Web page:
A Few of My Favorite Things: Exploring NYC

As an active New York City resident for more than 30 years and a Manhattan real estate broker for twenty-two, I’ve had a front row seat to the excitement and opportunity that each of our City’s neighborhoods offer. Through my work with clients and customers that takes me throughout the borough, and having lived downtown, on the Upper East Side, and, now, on the Upper West Side, there is certainly something to be gained from each of Manhattan’s renowned and popular micro-destinations.

The best thing about Manhattan is its juxtapositions: the available prewar and postwar buildings; the trendy and classic architectural designs; the busy and peaceful neighborhoods. The list goes on. What I’ve learned, in essence, is that there’s a piece of something for everybody who wants to be here.

Of the many places in NYC, an exceptional block is West 77th Street, spanning from Central Park West and going West. On the Park block, are beautiful large prewar buildings. The next block West is mostly prewar brownstones, and then between Amsterdam and Broadway are several brand new buildings.  Amongst the impressive architecture, both old and new, there is an abundance of retail shops and local businesses. Beyond this block, and without being overly congested, the Upper West Side provides just the right amount of bustle. Offering a calmer vibe than Midtown, you are still exposed to the City’s electric energy – the one we, as Manhattanites, truly feel connected to. In its arts and culture department, dwells the Lincoln Center and The Museum of Natural History. And of course, the much adored, Central and Riverside Parks which one is always near to because the Upper West Side is so narrow. Additionally, there are also two great subway lines: The B and C, which run along Central Park West, and the 1, 2, and 3 on Broadway. The proximity to transportation makes the location conveniently accessible to all other neighborhoods.

Manhattan’s glow goes through Central Park to its neighbor: The Upper East Side, another neighborhood that offers a fantastic array of prewar and exciting new buildings. Museum Row on Fifth Avenue boasts the famous Metropolitan Museum (the MET), along with The Guggenheim and others.  A great location to browse boutiques and restaurant menus, the neighborhood is one of the best for an NYC stroll – especially in the spring when the annually-anticipated red and yellow tulips bloom on Park Avenue.

Moving on down, we have the notorious region of Midtown. When we think of the power-house that NYC is, this is the area that defines it. While there is Midtown West and Midtown East, which host some of our Nation’s biggest corporations, this large area is encompassed by a multitude of sectors including Times Square; The Garment District; Murray Hill; Chelsea; Hell’s Kitchen; Gramercy/Flatiron; and Union Square. From Times Square – home to Broadway and some of the World’s greatest entertainment – to Union Square Park, where one can find the best Farmer’s Market around. Midtown’s array of neighborhoods each feature unique attributes of their own and are the reason why NYC has one of the most diverse urban cultures around.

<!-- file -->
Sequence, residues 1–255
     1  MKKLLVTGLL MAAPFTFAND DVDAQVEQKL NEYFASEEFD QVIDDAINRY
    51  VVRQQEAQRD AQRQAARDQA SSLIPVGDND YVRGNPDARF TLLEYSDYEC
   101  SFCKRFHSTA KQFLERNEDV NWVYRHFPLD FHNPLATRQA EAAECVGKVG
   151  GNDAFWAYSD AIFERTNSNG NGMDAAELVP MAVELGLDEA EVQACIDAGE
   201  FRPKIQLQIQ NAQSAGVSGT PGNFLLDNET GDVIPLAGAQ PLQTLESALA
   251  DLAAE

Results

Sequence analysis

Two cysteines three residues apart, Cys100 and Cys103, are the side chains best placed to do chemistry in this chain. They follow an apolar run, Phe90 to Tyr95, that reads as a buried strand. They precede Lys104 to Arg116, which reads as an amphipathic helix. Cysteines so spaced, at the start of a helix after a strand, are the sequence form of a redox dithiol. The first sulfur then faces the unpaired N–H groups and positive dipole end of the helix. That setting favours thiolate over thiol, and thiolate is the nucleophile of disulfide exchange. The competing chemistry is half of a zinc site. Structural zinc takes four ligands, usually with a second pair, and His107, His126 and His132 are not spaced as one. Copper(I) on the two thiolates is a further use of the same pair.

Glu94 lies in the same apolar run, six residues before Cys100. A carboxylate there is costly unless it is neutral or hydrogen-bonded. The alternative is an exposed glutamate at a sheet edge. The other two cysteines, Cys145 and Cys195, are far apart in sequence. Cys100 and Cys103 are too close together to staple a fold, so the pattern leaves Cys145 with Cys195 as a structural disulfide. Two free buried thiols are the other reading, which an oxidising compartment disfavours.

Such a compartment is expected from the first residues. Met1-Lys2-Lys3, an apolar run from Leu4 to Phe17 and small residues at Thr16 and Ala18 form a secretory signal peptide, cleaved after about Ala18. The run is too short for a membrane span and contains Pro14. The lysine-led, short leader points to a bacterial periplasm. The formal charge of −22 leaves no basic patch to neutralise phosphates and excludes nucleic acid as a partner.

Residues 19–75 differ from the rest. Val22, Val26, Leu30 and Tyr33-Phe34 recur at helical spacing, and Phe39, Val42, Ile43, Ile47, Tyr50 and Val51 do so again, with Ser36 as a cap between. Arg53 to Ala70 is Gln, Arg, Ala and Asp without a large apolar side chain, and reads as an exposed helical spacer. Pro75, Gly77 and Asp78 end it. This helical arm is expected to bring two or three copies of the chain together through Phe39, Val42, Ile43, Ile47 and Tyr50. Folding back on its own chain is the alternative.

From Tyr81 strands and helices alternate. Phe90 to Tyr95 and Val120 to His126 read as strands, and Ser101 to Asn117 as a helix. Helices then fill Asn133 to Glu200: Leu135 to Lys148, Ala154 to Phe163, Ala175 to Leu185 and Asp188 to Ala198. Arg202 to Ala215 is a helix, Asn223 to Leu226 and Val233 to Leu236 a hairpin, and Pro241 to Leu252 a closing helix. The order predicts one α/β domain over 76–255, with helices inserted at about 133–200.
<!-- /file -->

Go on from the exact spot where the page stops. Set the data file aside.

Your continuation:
Currently, a location that has been grasping the real estate world’s attention is Hudson Yards. Located on the far West Side of Midtown, it is an evolving landmark, with some of the City’s future largest skyscrapers, the High Line and a booming residential development corridor. With the new 7 Subway Line, Penn Station, and proximity to the Lincoln Tunnel, this area will soon be a goldmine for commuters.

Downtown has always been a trendy region, but its evolution is one that many of us veteran New Yorkers have truly witnessed these past 20 years. With the establishment of NoHo, the development of SoHo and the growing interest from businesses in both the East and West Villages, it is not the same Downtown that we were familiar with back in the 80s. While the Villages offer a host of bohemian and upscale restaurants and retail stores, they have also become one of the most desired residential locations around. They certainly aren’t as affordable as they used to be but why should they be? Between Tribeca’s historical cobblestone and tucked away streets – along with the nearby World Trade Center hub – the East Village’s artisan pop-up shops, the West Village’s beautiful, and the acclaimed Washington Square Park, this region is a city treasure.

Manhattan is undoubtedly one of the most competitive cities out there, but it has also earned the right to be. Its unparalleled services offer the highest quality experiences for tourists, residents, and professionals alike. Regardless of who you are or what you need, New York City is likely to have something for you. Each neighborhood, unique in its own, supports those seeking a stimulating and exciting environment while guaranteeing a gain from an educational perspective. For a good reason, NYC is known as “The Center of the Universe.”

Lisa K. Lippman
Licensed Associate Real Estate Broker
Brown Harris Stevens

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